During ‘Marshall plan’ resources went into ‘PRODUCTIVE” Economy in Germany unlike now where they are going to prop up ‘failed and over valued’ FIRE Economy on both sides of Atlantic!

    Western Economies crossed the line when the ‘Consumption’ model spilled and took over the ‘Production’ model. That consumption based Economy went on growing on the increasing availability of ‘credit’ through frac banking/ securitization etc. But now those houses of cards are crumbling but the policies remain in rebuilding the failed business models. Credit contraction and de-leveraging deflation has begun!

    Credit contraction is inevitable to cure the excess build up, for the last decades. All the measures to counter act this trend is just prolonging the agony. The charade continues with clueless leaders captive to corrupt Financial oligarchy!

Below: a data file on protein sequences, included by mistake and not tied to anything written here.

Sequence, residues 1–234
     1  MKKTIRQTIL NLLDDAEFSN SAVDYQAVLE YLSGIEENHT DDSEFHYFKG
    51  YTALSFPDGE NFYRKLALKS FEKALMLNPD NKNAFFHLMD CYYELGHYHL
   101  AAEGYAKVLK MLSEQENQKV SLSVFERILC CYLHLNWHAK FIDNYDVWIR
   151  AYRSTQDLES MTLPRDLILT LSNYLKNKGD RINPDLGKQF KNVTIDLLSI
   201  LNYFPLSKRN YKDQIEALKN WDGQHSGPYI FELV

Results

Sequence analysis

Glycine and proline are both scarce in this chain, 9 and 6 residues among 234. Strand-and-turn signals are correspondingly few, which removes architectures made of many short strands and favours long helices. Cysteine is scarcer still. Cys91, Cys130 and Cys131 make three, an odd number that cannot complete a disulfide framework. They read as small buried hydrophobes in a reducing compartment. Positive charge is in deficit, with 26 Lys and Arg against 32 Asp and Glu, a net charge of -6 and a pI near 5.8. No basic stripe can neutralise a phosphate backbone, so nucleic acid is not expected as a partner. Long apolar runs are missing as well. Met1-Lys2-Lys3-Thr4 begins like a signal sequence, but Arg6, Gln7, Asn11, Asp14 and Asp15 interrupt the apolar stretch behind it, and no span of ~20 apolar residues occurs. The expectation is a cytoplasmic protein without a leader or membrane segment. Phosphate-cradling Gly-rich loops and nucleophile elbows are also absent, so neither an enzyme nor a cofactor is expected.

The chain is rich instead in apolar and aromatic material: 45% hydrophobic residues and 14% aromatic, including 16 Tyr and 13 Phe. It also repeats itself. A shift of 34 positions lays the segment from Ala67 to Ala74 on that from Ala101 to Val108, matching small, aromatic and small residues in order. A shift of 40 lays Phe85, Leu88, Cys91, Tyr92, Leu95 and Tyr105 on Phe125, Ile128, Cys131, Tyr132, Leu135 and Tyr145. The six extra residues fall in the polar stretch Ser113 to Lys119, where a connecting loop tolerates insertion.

22. Mattski

    When 4-6% of a rich man’s wealth is lost to inflation he can still eat. Unfortunately, the Fed looks at it from his (usually a him, no?) view. Why is that?

    1. Mike M

      Hell, he can still put 20% of his wealth in speculative investments grinding along in whatever game the dealer calls, and, not only eat, but live first class. 80% of Americans are in the steerage, and will receive that much less gruel for tomorrow’s dinner.

      Freud my ass. But that reference explains a lot, I suppose.

  23. Tortoise

    Yves, You make a number of good points. One of them is historical, i.e., that the majority of Germans of the Weimar Republic suffered more during the deflationary period than during the hyperinflationary one. (Of course, every person’s experience is likely to be different.)